Psychopharmacology

, Volume 231, Issue 3, pp 481–488

Neurocognitive effects of ketamine in treatment-resistant major depression: association with antidepressant response

  • James W. Murrough
  • Le-Ben Wan
  • Brian Iacoviello
  • Katherine A. Collins
  • Carly Solon
  • Benjamin Glicksberg
  • Andrew M. Perez
  • Sanjay J. Mathew
  • Dennis S. Charney
  • Dan V. Iosifescu
  • Katherine E. Burdick
Original Investigation

DOI: 10.1007/s00213-013-3255-x

Cite this article as:
Murrough, J.W., Wan, LB., Iacoviello, B. et al. Psychopharmacology (2014) 231: 481. doi:10.1007/s00213-013-3255-x

Abstract

Rationale

The N-methyl-d-aspartate (NMDA) glutamate receptor antagonist ketamine has demonstrated rapid antidepressant effects in patients with treatment-resistant depression (TRD). Despite the promise of a novel and urgently needed treatment for refractory depression, concerns regarding potential adverse neurocognitive effects of ketamine remain.

Objectives

Although extensive research has been conducted in healthy volunteers, there is a paucity of studies examining the neurocognitive effects of ketamine in depressed patients. Therefore, the aims of the current study were to characterize the relationship between baseline neurocognition and antidepressant response to ketamine, measure the acute impact of ketamine on neurocognition, and investigate the relationship between acute neurocognitive effects of ketamine and antidepressant response.

Methods

Neurocognitive functioning was assessed in 25 patients with TRD using a comprehensive battery: estimated premorbid intelligence quotient (IQ), current IQ, and tests from the MATRICS Consensus Cognitive Battery (MCCB). A subset of the MCCB was repeated immediately following a 40-min intravenous infusion of ketamine (0.5 mg/kg).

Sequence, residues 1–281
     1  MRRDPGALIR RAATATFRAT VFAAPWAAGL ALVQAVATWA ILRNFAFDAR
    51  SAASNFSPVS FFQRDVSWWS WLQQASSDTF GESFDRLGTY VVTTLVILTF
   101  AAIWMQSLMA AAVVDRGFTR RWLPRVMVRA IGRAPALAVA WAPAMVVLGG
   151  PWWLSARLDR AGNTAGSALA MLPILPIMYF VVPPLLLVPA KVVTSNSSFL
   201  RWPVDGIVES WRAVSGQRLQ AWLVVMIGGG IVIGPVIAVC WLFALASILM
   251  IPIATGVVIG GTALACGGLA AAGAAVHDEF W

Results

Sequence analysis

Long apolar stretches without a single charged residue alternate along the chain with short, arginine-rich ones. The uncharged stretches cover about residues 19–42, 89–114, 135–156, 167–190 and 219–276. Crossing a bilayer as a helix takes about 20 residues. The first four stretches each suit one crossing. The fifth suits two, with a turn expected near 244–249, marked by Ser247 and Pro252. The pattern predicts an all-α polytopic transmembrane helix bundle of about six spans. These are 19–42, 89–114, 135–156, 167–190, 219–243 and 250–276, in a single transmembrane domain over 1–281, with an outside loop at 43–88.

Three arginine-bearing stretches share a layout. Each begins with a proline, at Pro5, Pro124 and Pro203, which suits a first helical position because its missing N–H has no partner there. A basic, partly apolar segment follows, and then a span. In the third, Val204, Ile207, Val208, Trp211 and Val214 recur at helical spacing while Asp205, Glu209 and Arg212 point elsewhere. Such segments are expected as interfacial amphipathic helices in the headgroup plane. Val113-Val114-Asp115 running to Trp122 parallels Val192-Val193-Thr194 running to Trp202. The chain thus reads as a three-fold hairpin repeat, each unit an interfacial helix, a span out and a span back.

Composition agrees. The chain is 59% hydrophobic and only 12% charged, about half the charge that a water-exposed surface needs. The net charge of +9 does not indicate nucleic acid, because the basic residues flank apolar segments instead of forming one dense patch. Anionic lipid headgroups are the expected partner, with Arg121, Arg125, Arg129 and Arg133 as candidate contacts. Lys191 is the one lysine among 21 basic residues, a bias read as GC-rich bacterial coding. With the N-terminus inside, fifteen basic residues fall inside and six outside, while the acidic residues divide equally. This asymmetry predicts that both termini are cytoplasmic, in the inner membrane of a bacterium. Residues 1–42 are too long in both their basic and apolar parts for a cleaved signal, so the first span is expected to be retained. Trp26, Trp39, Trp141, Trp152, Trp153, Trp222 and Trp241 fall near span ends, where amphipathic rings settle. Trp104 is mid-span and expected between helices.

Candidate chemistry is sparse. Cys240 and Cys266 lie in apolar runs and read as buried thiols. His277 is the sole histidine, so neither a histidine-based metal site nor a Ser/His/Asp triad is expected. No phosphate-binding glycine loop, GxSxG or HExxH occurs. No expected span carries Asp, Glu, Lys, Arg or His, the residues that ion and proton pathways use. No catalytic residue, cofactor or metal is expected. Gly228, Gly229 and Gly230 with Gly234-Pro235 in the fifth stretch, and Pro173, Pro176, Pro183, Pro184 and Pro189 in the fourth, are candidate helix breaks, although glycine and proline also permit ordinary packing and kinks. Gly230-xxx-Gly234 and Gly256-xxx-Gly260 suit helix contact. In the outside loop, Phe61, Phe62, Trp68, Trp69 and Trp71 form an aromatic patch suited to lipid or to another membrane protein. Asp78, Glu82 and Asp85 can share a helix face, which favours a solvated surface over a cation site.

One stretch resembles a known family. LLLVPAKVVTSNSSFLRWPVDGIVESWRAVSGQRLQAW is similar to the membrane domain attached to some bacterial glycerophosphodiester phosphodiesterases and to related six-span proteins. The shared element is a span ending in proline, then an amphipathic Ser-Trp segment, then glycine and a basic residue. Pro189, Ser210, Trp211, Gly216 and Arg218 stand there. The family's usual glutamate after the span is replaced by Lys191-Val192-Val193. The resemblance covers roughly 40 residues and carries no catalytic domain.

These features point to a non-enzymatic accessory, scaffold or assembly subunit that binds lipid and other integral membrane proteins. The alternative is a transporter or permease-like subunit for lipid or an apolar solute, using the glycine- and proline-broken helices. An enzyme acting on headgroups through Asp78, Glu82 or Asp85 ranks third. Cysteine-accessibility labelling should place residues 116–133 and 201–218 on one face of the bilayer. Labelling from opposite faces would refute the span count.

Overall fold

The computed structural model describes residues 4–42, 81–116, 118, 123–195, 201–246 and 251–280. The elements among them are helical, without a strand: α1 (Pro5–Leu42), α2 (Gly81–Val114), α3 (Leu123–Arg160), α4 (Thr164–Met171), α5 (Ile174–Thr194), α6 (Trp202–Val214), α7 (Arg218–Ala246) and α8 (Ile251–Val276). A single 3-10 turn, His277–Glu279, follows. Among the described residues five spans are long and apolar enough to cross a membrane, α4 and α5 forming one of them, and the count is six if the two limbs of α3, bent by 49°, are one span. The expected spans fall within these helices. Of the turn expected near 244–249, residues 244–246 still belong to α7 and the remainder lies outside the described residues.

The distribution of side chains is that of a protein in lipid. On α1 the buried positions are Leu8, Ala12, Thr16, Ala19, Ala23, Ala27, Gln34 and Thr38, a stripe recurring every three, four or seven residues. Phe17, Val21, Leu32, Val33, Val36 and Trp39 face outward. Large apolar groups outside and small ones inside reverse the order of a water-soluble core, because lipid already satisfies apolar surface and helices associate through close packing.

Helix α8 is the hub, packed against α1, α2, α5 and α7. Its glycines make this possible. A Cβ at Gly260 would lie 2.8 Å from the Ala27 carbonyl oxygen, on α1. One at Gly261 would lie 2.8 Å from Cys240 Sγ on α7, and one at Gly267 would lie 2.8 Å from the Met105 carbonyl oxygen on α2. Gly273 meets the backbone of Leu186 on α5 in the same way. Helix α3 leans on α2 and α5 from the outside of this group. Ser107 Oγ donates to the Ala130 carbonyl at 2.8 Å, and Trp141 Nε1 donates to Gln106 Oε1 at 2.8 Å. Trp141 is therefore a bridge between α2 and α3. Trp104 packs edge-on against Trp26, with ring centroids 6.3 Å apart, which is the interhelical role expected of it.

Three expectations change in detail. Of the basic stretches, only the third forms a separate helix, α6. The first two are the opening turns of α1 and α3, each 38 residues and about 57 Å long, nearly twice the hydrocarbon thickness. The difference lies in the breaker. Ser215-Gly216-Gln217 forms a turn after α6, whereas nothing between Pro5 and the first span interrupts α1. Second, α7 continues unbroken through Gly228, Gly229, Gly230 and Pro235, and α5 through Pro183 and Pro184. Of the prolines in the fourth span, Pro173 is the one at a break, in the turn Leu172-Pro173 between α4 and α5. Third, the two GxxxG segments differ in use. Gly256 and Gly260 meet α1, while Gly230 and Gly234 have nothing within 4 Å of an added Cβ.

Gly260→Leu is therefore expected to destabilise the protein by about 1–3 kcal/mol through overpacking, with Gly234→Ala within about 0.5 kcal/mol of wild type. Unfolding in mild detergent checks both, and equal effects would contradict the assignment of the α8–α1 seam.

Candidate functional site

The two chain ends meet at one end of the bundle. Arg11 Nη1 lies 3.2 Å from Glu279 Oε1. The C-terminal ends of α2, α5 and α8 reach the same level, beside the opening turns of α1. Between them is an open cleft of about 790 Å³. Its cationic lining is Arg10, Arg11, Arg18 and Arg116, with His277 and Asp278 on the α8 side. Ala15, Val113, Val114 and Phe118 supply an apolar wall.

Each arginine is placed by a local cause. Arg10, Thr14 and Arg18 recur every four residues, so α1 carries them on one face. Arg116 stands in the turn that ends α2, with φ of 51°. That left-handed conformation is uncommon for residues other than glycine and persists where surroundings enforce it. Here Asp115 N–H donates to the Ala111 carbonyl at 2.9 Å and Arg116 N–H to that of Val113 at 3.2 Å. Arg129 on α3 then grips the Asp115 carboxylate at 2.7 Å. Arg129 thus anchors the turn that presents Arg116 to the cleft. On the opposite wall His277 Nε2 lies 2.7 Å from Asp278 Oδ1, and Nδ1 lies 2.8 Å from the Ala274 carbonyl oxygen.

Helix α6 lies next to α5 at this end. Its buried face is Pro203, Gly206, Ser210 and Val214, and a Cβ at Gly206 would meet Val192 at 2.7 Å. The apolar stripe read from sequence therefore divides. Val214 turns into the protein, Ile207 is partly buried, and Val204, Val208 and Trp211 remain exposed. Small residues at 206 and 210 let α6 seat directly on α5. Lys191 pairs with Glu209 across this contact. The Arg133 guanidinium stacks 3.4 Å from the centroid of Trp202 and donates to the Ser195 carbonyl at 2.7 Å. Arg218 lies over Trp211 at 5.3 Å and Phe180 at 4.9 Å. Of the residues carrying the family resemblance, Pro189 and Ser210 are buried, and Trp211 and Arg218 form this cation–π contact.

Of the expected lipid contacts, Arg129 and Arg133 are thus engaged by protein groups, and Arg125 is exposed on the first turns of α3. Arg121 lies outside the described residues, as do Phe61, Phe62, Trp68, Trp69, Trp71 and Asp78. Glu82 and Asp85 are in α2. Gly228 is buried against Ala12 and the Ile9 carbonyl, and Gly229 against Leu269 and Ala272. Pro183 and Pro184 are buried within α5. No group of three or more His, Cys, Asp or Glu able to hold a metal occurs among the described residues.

Results

Patients who responded to ketamine 24 h following treatment had poorer baseline neurocognitive performance relative to nonresponders and, in particular, slower processing speed (F = 8.42; df = 23; p = 0.008). Ketamine was associated with selective impairments in memory recall, and the degree of cognitive change carried negative prognostic significance (e.g., negative cognitive effects immediately after ketamine predicted lower response rate at 24 h; Fisher's exact test two-sided p = 0.027).

Conclusions

Taken together, our findings suggest a potential baseline neurocognitive predictor of ketamine response and an inverse relationship between the cognitive effects of ketamine and antidepressant efficacy.

Keywords

Major depressive disorder Treatment-resistant depression Neurocognition Cognitive functioning Ketamine Antidepressant Glutamate N-methyl-d-aspartate 

Copyright information

© Springer-Verlag Berlin Heidelberg 2013

Authors and Affiliations

  • James W. Murrough
    • 1
    • 2
    • 3
  • Le-Ben Wan
    • 1
  • Brian Iacoviello
    • 1
  • Katherine A. Collins
    • 2
  • Carly Solon
    • 4
  • Benjamin Glicksberg
    • 2
  • Andrew M. Perez
    • 5
  • Sanjay J. Mathew
    • 6
    • 7
  • Dennis S. Charney
    • 1
    • 2
    • 8
  • Dan V. Iosifescu
    • 1
    • 2
    • 3
  • Katherine E. Burdick
    • 2
    • 3
    • 4
  1. 1.Mood and Anxiety Disorders Program, Department of PsychiatryIcahn School of Medicine at Mount SinaiNew YorkUSA
  2. 2.Department of NeuroscienceIcahn School of Medicine at Mount SinaiNew YorkUSA
  3. 3.Friedman Brain InstituteIcahn School of Medicine at Mount SinaiNew YorkUSA
  4. 4.Department of PsychiatryIcahn School of Medicine at Mount SinaiNew YorkUSA
  5. 5.Department of AnesthesiologyIcahn School of Medicine at Mount SinaiNew YorkUSA
  6. 6.Michael E. Debakey VA Medical CenterHoustonUSA
  7. 7.Menninger Department of Psychiatry and Behavioral SciencesBaylor College of MedicineHoustonUSA
  8. 8.Department of Pharmacology and Systems TherapeuticsIcahn School of Medicine at Mount SinaiNew YorkUSA